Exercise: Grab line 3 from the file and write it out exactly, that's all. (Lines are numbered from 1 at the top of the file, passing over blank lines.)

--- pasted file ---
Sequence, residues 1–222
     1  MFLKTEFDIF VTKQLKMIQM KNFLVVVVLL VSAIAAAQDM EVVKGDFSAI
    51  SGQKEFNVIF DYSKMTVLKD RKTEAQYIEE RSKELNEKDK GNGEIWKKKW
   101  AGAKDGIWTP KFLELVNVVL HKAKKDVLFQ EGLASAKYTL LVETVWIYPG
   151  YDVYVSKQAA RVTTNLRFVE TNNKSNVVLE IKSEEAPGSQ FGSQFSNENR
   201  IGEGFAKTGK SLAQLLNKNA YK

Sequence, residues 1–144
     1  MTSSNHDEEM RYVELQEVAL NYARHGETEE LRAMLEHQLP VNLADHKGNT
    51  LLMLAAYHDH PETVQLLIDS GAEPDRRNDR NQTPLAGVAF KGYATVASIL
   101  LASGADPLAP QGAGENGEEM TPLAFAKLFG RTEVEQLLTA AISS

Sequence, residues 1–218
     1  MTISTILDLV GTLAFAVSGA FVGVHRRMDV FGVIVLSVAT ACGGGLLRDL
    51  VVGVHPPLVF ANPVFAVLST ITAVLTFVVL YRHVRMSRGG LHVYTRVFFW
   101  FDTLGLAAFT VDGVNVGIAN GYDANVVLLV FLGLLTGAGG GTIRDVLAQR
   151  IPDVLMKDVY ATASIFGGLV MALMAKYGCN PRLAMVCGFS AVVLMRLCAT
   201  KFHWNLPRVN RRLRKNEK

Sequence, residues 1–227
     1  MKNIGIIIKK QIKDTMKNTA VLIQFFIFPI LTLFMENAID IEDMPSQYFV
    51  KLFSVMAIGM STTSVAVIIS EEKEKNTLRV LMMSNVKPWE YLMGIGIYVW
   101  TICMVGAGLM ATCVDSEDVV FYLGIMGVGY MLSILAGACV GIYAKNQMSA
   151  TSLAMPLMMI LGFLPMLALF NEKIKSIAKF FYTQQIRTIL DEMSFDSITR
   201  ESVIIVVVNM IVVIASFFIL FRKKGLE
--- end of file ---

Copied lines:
    51  SGQKEFNVIF DYSKMTVLKD RKTEAQYIEE RSKELNEKDK GNGEIWKKKW